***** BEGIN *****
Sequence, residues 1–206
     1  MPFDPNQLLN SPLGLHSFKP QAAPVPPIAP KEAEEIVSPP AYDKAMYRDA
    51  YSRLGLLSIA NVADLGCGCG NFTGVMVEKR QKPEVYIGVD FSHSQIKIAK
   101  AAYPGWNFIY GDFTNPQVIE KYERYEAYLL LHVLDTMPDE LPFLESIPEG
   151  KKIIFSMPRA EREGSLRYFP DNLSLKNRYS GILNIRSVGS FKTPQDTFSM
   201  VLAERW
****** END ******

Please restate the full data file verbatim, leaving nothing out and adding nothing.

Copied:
Sequence, residues 1–206
     1  MPFDPNQLLN SPLGLHSFKP QAAPVPPIAP KEAEEIVSPP AYDKAMYRDA
    51  YSRLGLLSIA NVADLGCGCG NFTGVMVEKR QKPEVYIGVD FSHSQIKIAK
   101  AAYPGWNFIY GDFTNPQVIE KYERYEAYLL LHVLDTMPDE LPFLESIPEG
   151  KKIIFSMPRA EREGSLRYFP DNLSLKNRYS GILNIRSVGS FKTPQDTFSM
   201  VLAERW